Created by W.Langdon from gp-bibliography.bib Revision:1.4685
Complexity is critical however. Though the metaphor is seductive, the genetic algorithm is only a simulation of evolution. The accuracy of this simulation changes daily as more knowledge is gained from the biological communities and as computer researchers find better methods for solving problems regardless of the strict adherence to the biological inspiration. In the end, the genetic algorithm is a search method that must be implemented as a program consisting of loops and if statements. Given this, it seems reasonable to evaluate whether programs developed using this method provide any advantage in terms of efficiency over other methods. To do this, there must first be a way for evaluating the complexity of problems specifically for the genetic algorithm. This technique must enable a direct comparison between the GA-complexity of problems and what is already known about the complexity of problems. In this way it is possible to evaluate whether there is a 'gain' in using genetic algorithms beyond programmer ergonomics.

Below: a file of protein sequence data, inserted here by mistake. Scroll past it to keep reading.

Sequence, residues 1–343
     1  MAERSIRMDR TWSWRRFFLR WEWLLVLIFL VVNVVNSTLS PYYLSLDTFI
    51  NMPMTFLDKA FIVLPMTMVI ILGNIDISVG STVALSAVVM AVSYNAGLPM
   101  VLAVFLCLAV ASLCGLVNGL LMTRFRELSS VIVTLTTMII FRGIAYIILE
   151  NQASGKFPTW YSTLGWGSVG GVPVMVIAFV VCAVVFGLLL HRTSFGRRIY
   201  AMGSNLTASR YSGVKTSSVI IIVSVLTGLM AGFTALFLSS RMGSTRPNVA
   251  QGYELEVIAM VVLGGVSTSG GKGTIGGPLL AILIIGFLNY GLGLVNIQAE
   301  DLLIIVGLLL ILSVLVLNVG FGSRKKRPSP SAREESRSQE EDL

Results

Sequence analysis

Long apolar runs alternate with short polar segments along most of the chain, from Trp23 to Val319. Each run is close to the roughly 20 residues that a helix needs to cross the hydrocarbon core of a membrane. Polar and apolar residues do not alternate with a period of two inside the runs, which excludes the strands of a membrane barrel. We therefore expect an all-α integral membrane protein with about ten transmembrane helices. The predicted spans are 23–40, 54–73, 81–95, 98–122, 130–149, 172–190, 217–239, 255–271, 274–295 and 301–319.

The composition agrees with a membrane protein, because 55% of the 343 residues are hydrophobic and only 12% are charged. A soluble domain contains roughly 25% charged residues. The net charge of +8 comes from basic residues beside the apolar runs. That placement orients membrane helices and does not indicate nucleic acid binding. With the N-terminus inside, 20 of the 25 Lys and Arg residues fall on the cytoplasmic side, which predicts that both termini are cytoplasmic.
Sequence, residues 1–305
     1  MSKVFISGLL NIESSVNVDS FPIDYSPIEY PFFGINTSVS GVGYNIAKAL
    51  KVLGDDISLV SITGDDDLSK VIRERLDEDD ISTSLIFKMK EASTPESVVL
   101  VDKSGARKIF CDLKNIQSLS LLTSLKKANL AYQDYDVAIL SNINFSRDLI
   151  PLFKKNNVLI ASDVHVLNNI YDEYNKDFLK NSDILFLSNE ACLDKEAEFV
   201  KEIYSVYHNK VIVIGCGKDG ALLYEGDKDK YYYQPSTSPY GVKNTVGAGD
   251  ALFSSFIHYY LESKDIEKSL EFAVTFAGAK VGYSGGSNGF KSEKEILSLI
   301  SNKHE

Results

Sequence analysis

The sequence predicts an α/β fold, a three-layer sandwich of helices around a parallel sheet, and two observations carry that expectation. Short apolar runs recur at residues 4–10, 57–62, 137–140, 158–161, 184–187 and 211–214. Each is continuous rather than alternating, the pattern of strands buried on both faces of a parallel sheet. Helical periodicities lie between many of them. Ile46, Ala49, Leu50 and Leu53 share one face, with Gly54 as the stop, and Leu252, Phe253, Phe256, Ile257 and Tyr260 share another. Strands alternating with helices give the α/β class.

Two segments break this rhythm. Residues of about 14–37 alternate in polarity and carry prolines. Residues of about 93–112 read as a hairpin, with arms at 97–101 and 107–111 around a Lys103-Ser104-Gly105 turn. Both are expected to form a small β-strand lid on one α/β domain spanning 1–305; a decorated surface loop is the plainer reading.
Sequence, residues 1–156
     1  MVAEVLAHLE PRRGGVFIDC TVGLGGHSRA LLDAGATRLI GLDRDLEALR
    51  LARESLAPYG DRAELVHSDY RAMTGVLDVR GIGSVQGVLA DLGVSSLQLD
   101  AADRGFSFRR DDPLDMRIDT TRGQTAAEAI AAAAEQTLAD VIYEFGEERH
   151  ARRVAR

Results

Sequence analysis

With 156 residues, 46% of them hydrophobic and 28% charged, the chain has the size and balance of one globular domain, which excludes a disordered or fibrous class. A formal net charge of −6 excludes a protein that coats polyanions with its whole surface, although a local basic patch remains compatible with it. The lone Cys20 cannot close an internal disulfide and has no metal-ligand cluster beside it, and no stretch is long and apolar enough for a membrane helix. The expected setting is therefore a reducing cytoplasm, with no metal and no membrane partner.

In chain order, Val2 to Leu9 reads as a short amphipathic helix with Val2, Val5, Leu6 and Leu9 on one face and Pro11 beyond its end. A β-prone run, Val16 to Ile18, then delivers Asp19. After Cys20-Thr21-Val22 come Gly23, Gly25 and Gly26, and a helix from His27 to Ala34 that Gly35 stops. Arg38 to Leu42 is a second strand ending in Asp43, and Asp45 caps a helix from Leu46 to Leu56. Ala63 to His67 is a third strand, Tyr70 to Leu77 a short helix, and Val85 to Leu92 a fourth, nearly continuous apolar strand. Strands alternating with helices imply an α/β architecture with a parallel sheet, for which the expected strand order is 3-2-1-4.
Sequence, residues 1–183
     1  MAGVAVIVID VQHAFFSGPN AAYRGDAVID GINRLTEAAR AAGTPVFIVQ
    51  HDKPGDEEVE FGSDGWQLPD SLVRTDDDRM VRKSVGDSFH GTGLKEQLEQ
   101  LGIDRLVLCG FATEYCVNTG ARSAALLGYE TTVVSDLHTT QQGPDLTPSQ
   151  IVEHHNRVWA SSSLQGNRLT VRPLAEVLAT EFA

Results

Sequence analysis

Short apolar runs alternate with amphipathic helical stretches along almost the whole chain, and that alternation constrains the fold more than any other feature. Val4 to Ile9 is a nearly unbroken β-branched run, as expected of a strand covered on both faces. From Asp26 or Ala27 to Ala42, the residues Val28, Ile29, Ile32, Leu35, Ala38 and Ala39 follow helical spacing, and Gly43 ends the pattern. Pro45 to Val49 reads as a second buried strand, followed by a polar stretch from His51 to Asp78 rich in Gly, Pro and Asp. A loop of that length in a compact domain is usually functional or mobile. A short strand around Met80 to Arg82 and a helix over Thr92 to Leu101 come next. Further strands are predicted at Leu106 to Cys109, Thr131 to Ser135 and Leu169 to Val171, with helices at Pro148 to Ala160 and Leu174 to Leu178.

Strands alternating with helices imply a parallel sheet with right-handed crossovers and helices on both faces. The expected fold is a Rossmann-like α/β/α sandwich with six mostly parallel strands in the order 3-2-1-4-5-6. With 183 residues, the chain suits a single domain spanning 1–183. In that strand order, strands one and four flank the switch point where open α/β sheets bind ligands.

This dissertation describes a method for evaluating the complexity of a problem specifically for genetic algorithms. The method is used to define two specific genetic algorithm complexity classes. GA-hardness is defined as well as a method for GA reduction. In addition, the complexity of problems specifically for Genetic Programming (GP) is analysed. Finally, the impact of quantum computers upon the complexity classes for evolutionary computation is examined. All of these areas are presented as peer-reviewed publications that have been developed as part of this research.",
Major professor: James A. Foster",
Genetic Programming entries for Bart I Rylander